National Biodiversity Centre
The National Biodiversity Centre is a branch of the National Parks Board and serves as Singapore’s one-stop centre for biodiversity-related information and activities. It manages all available information and data on biodiversity in Singapore. Diverse biodiversity-related information and data are currently generated, stored and updated by different organisations and individuals. The National Biodiversity Centre will maximize the usefulness of such information and data by linking them in a single meta-database. Having complete and up-to-date information is crucial for many decision-making processes involving biodiversity. This hub of biodiversity information and data at the National Biodiversity Centre will also allow knowledge gaps to be better identified and addressed.
The Marine department has a mandate and responsibility to ensure that Singapore's rich but limited marine biodiversity is conserved as part of her natural heritage. The Marine department regularly establishes and reviews policies related to marine conservation in Singapore and provides up-to-date baseline information on marine biodiversity for decision-making. Development proposals that have potential impacts on marine biodiversity will also be critically analysed and mitigation measures implemented. The Marine department will also generate better awareness among the public and educate them on the importance of marine biodiversity and its conservation.
The Terrestrial department conducts regular field surveys in Singapore's nature reserves, nature parks, park connectors and nature areas in order to increase the baseline on biodiversity-related data in Singapore's terrestrial and freshwater ecosystems. Key projects include the Banded Leaf Monkey Conservation Programme.
Study on dragonflies
A two-year field study initiated by the National Biodiversity Centre revealed that 40 of the more than 120 species in Singapore are living in park ponds, with the majority found at Bishan Park, Kent Ridge Park, and Toa Payoh Town Park outside of the nature reserves. This study will help the National Parks Board further enhance and protect dragonflies, and create new habitats for them. Since a dragonfly larvae lives in water and requires that the water is unpolluted to survive, the National Biodiversity Centre aims to use dragonflies as a bio-indicator of a good fresh water ecosystem.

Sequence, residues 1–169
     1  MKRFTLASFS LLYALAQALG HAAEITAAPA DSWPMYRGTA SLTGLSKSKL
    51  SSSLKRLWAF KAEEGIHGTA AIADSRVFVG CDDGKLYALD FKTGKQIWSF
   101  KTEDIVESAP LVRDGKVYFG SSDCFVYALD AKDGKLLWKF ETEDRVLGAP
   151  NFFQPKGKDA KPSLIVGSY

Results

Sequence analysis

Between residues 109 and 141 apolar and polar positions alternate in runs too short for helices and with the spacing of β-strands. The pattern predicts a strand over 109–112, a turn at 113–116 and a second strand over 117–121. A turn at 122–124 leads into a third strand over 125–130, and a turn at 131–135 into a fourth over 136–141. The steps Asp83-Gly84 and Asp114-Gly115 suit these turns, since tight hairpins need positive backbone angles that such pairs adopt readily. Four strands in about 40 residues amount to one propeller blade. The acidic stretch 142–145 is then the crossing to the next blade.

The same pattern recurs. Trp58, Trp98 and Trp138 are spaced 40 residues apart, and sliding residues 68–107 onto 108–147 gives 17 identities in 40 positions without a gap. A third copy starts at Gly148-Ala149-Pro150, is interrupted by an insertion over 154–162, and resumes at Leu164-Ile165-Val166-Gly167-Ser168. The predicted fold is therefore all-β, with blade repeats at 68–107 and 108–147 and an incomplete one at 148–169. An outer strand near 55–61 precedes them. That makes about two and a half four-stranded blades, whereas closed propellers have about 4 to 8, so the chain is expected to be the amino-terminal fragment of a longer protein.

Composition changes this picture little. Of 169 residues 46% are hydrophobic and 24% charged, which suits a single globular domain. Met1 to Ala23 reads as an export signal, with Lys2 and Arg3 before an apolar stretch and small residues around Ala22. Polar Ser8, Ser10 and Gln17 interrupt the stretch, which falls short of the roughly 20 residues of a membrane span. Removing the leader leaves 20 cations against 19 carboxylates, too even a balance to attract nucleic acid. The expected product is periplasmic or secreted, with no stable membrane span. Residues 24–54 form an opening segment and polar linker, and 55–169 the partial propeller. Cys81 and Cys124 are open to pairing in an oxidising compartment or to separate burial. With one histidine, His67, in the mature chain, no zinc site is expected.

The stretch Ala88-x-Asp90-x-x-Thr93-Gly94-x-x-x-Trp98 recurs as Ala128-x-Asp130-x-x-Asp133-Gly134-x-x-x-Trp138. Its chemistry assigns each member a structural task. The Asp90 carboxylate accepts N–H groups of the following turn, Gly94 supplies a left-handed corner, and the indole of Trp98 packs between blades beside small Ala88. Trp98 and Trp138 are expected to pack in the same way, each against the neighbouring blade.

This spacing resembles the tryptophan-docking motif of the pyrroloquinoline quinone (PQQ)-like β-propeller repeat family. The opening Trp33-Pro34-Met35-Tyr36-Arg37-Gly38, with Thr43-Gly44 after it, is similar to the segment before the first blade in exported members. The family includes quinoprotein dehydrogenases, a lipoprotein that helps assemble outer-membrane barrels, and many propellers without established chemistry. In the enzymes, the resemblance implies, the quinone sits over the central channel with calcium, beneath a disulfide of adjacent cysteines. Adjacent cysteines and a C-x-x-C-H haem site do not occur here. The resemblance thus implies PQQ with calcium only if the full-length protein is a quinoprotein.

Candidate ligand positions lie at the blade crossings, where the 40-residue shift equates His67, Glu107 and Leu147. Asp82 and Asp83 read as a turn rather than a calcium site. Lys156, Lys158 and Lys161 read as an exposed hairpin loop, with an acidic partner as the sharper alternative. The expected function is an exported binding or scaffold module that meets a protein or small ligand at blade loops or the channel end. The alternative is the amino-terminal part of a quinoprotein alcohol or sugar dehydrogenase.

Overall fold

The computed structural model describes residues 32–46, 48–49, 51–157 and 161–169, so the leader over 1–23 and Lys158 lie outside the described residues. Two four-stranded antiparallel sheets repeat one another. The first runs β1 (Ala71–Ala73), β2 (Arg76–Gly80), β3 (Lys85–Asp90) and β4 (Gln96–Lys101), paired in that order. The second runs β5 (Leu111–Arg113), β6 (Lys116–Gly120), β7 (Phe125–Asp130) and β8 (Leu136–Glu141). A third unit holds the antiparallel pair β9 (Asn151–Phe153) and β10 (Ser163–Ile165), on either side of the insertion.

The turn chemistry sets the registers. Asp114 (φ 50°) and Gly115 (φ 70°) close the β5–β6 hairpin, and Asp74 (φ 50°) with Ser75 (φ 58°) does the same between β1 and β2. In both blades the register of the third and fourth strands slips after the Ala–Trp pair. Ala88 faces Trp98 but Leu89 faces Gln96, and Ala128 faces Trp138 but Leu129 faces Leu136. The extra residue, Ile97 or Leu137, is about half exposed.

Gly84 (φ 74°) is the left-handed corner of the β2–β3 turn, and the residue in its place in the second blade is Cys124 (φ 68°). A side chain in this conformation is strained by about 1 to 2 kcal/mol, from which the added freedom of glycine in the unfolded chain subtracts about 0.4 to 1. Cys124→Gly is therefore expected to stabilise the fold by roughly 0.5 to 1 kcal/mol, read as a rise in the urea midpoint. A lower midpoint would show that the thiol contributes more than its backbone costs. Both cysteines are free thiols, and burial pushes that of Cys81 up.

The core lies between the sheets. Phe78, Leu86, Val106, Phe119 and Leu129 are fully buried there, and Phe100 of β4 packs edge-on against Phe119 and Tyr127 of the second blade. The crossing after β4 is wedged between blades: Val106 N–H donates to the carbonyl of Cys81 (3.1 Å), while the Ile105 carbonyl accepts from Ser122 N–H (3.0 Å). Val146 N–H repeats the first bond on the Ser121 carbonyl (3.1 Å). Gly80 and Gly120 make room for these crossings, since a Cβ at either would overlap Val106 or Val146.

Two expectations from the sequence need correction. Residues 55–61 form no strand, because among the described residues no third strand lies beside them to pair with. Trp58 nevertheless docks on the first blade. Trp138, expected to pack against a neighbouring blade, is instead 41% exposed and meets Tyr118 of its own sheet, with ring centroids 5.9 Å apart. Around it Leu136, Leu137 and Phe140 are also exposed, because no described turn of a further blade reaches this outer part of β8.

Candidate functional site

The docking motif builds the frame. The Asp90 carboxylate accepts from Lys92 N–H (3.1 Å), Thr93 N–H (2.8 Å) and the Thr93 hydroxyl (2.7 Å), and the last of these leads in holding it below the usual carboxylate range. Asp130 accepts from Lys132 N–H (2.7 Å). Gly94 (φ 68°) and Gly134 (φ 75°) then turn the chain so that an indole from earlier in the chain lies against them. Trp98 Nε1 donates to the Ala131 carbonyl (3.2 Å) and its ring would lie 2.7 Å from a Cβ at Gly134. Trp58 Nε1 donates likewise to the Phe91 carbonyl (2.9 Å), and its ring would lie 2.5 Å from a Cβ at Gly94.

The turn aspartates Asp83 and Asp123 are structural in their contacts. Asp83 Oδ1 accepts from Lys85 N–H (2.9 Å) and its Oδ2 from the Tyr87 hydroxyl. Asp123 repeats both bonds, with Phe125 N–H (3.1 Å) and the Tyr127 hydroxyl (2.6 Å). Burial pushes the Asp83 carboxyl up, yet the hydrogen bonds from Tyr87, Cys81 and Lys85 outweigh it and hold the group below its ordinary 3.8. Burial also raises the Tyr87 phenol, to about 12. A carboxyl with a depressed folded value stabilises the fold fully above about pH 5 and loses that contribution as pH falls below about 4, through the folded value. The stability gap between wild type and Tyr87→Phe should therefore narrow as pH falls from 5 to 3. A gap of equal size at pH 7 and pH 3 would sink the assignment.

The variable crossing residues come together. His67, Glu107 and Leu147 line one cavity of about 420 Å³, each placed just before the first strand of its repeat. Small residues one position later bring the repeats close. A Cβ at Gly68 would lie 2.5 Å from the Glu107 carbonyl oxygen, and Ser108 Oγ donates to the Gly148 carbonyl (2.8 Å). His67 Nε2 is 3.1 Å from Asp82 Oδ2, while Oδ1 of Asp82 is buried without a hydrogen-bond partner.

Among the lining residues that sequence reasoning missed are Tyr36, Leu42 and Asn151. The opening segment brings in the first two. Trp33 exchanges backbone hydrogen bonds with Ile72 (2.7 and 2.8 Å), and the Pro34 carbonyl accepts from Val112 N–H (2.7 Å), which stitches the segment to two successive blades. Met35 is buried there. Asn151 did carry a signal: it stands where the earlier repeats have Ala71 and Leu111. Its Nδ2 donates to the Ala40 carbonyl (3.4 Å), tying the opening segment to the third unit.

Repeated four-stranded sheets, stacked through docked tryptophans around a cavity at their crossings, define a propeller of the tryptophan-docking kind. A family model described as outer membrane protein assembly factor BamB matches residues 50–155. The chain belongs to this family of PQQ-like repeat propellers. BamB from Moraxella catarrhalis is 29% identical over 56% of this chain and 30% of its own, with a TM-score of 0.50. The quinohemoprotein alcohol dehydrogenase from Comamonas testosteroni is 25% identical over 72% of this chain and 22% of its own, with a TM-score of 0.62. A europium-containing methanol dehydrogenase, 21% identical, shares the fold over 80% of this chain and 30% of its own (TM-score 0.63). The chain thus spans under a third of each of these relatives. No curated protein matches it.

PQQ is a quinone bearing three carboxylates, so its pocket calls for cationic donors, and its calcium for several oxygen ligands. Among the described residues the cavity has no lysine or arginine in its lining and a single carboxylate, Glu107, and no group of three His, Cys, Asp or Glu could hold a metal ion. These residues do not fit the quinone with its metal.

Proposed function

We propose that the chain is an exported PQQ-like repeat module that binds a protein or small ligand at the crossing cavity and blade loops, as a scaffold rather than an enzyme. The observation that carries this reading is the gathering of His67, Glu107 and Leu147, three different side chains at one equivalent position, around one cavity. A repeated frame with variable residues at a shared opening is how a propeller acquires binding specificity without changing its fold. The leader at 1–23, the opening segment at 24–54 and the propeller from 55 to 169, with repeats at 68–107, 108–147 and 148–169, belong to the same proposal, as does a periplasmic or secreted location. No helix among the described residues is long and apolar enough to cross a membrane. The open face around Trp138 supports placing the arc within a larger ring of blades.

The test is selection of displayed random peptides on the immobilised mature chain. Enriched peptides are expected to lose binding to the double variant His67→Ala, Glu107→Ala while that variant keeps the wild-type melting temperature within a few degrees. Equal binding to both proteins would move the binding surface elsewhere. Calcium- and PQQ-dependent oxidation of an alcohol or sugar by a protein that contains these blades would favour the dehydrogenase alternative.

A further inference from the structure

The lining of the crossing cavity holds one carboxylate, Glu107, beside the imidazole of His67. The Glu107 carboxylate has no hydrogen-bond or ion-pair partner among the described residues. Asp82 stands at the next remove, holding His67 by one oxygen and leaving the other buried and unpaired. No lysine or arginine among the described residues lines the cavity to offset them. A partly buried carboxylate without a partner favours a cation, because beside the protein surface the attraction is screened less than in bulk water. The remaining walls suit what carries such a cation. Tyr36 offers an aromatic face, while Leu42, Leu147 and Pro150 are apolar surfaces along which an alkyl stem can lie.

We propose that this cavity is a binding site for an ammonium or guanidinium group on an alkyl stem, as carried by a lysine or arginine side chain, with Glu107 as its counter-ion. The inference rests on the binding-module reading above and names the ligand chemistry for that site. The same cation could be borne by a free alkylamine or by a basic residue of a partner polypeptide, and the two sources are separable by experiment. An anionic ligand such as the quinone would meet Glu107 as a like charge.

Hornbill Conservation Project
The National Biodiversity Centre, in partnership with Wildlife Reserves Singapore, Nanyang Technological University, and researchers Marc Cremades and Ng Soon Chye, implemented the Hornbill Conservation Project to aid in the breeding and recovery of the Oriental pied hornbill (Anthracoceros albirostris) which had previously became extinct in Singapore but has since started to re-establish itself. Hornbills require tree cavities to nest in. However, tree cavities of sufficient size to accommodate the female hornbill and her young are not common in Singapore. The implementation of artificial nest boxes have been successful and video cameras are even installed within the nest boxes to provide a better understanding of the behavioural and feeding patterns of these birds.
Banded leaf monkey conservation
The National Biodiversity Centre, in partnership with the Evolution Lab of the National University of Singapore, initiated an ecological study of banded leaf monkeys (Presbytis femoralis) in order to propose conservation management recommendations and maintain a viable population in the long term. Comprehensive surveys were conducted to determine the population number, demography, home range, behaviour and communication, food choices, habitat and also anthropogenic interferences on the banded leaf monkeys.
The banded leaf monkey is one of four primate species native to Singapore. However, rapid urbanisation and habitat loss exterminated the population at Bukit Timah Nature Reserve. Today, they are restricted to a small area within the Central Catchment Nature Reserve with a population size of about 40 individuals.
Sembcorp Forests of Giants
Sembcorp Industries has donated $1 million to the Garden City Fund to set up an arboretum - a living gallery of giant tree species - for education and research, and to fund green educational programmes to benefit the community. This is part of efforts to enhance biodiversity within urban areas. These trees are native to the rainforests of the region and include some of the world's tallest species. For example, Koompassia excelsa (tualang) and Shorea faguetiana (Damar Siput) have been recorded at heights of 88 m. Accompanying these grand trees are also other emergent species with heights from 50 m to 80 m tall, where the typical mature rainforest canopy reaches.
Topographical contours and features at the Southern Ridges are exploited and designed for an assemblage of large native trees, creating a most impressive sight amidst the ridges of Telok Blangah and Mount Faber. A subsidiary collection of forest trees with large foliage is also planned to be interspersed in between the Sembcorp Forest of Giants collection to serve as interesting visual points.
The Singing Forest
A new collection of bird-attracting native trees is being established at Southern Ridges to provide a wide variety of suitable food sources as well as shelter and nesting areas for native birds. When established, the additional planting of suitable tree species will eventually provide an opportunity for visitors to learn and appreciate the diverse collection of birds and trees. This project is sponsored by ST Microelectronics.
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